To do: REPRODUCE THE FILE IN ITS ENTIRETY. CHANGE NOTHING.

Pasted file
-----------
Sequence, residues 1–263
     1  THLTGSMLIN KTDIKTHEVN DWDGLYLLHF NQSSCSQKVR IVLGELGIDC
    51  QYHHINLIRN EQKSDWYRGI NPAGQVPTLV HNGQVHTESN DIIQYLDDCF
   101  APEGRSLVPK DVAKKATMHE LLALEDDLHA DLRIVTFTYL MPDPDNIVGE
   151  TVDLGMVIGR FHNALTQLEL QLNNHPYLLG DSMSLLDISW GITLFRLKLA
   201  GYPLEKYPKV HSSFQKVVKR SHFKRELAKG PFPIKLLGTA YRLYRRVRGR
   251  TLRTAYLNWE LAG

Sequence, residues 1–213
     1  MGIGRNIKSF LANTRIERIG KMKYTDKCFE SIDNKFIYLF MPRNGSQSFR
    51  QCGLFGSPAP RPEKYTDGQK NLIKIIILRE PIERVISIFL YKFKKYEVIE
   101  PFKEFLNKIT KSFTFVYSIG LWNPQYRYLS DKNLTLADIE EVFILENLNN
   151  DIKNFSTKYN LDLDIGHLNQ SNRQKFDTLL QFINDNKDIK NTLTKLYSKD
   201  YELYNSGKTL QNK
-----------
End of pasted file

Sequence, residues 1–263
     1  THLTGSMLIN KTDIKTHEVN DWDGLYLLHF NQSSCSQKVR IVLGELGIDC
    51  QYHHINLIRN EQKSDWYRGI NPAGQVPTLV HNGQVHTESN DIIQYLDDCF
   101  APEGRSLVPK DVAKKATMHE LLALEDDLHA DLRIVTFTYL MPDPDNIVGE
   151  TVDLGMVIGR FHNALTQLEL QLNNHPYLLG DSMSLLDISW GITLFRLKLA
   201  GYPLEKYPKV HSSFQKVVKR SHFKRELAKG PFPIKLLGTA YRLYRRVRGR
   251  TLRTAYLNWE LAG

Sequence, residues 1–213
     1  MGIGRNIKSF LANTRIERIG KMKYTDKCFE SIDNKFIYLF MPRNGSQSFR
    51  QCGLFGSPAP RPEKYTDGQK NLIKIIILRE PIERVISIFL YKFKKYEVIE
   101  PFKEFLNKIT KSFTFVYSIG LWNPQYRYLS DKNLTLADIE EVFILENLNN
   151  DIKNFSTKYN LDLDIGHLNQ SNRQKFDTLL QFINDNKDIK NTLTKLYSKD
   201  YELYNSGKTL QNK